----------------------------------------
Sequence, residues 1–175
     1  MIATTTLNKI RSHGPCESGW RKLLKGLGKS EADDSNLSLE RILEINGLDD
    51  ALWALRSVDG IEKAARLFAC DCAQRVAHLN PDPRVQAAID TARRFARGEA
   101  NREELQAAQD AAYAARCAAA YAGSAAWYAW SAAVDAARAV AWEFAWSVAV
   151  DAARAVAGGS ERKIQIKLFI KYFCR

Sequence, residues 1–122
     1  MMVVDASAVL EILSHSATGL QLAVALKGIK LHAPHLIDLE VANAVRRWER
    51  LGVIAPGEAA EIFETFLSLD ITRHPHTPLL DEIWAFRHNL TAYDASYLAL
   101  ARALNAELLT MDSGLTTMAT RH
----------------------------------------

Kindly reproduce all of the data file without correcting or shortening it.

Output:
Sequence, residues 1–175
     1  MIATTTLNKI RSHGPCESGW RKLLKGLGKS EADDSNLSLE RILEINGLDD
    51  ALWALRSVDG IEKAARLFAC DCAQRVAHLN PDPRVQAAID TARRFARGEA
   101  NREELQAAQD AAYAARCAAA YAGSAAWYAW SAAVDAARAV AWEFAWSVAV
   151  DAARAVAGGS ERKIQIKLFI KYFCR

Sequence, residues 1–122
     1  MMVVDASAVL EILSHSATGL QLAVALKGIK LHAPHLIDLE VANAVRRWER
    51  LGVIAPGEAA EIFETFLSLD ITRHPHTPLL DEIWAFRHNL TAYDASYLAL
   101  ARALNAELLT MDSGLTTMAT RH